John Tedesco, who says he supports neighborhood schools, received $2,700 from the Wake Schools Community Alliance and $100 each from Cary Town Councilman Don Frantz and state Sen. Richard Stevens.

Cathy Truitt, who opposes the diversity policy, has received much of her financial support from members of Greater Garner Advocates, a group of civic and business leaders who complain that the town's schools have too many low-income students.

District 7 (Northwest Raleigh, Morrisville)

Deborah Prickett, who favors neighborhood schools, received $500 from the Wake Schools Community Alliance and $510 from the North Wake Republican Club. Former Wake County Commissioner Gary Pendleton was also a donor.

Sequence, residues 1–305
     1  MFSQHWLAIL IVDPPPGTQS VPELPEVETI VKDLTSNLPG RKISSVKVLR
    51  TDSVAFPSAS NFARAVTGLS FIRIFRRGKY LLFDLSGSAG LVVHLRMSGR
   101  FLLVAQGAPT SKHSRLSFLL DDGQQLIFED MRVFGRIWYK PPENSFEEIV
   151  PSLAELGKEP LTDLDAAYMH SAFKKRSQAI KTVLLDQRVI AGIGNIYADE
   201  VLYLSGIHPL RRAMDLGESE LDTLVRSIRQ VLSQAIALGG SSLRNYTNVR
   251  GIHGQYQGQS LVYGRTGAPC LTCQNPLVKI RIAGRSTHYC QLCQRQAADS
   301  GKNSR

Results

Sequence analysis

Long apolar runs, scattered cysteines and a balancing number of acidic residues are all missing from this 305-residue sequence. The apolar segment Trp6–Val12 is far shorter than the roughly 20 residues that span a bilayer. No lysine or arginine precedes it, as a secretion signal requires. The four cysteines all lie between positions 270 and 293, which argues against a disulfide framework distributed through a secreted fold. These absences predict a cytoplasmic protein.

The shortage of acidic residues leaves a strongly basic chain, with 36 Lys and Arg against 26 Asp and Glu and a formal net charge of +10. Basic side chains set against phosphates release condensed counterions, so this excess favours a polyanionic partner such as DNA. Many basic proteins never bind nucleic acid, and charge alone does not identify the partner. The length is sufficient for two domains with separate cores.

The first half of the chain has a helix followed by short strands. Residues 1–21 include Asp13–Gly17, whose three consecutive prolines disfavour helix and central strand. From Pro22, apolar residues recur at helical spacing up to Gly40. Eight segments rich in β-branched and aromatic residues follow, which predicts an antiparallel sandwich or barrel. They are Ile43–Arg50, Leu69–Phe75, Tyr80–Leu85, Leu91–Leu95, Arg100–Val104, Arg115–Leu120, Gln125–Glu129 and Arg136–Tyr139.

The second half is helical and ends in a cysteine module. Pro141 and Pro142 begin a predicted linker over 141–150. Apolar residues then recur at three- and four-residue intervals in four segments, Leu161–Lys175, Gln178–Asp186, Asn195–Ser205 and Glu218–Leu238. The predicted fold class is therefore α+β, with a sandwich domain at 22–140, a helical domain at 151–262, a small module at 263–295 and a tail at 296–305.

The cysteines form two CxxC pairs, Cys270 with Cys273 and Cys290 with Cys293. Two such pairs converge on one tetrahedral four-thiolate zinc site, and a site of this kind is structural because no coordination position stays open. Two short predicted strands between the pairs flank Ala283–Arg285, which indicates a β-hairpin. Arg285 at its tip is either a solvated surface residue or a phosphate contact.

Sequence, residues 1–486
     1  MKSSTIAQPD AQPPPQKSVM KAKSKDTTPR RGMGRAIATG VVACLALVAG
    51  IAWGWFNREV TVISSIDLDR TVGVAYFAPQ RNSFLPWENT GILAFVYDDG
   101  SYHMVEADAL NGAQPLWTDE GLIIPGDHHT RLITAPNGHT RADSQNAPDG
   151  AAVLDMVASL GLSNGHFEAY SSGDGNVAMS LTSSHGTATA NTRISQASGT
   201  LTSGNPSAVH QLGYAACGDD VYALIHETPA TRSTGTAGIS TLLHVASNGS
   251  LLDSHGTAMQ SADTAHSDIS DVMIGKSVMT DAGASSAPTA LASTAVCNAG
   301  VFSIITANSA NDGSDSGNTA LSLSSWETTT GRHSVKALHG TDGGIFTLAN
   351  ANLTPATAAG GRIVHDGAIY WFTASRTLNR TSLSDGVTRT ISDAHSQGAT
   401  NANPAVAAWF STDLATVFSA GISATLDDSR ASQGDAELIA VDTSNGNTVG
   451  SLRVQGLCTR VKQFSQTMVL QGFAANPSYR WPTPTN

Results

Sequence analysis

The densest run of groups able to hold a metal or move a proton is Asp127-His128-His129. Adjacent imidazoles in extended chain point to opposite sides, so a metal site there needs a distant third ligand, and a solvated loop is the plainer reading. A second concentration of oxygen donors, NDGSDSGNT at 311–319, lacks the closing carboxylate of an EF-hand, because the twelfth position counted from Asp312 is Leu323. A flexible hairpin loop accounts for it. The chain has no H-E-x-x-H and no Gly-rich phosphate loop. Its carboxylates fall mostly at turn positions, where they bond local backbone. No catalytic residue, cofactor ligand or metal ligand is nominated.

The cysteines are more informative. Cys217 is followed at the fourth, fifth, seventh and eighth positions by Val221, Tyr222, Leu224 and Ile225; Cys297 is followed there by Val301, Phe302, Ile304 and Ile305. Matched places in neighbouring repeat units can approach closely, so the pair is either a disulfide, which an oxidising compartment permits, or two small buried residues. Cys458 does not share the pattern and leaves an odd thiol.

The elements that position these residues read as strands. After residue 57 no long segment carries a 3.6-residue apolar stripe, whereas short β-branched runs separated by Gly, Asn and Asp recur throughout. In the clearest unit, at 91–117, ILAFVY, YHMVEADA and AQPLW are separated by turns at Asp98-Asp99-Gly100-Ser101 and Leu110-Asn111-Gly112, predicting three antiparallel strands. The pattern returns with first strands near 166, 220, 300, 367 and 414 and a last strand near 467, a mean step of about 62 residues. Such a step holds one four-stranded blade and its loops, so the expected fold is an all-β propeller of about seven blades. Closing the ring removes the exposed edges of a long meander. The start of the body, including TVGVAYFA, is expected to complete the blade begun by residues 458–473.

Karen Simon, a supporter of existing school board policies, has received money from Brown, Goodmon and former N.C. Attorney General Rufus Edmisten.

District 9 (Cary)

Debra Goldman, who opposes the diversity policy, got $2,450 from the Wake Schools Community Alliance and $200 from Republican Women of Cary and Southwestern Wake County. Stevens, Pendleton and Frantz, all registered Republicans, were also donors.

Lois Nixon, who supports current policies, got her biggest donation, $2,000, from the N.C. Association of Educators. Other donors include Brown, Norwalk, Goodmon, former school board members Clark and Susan Parry, and former Wake schools Superintendent Bob Bridges. or 919-829-4534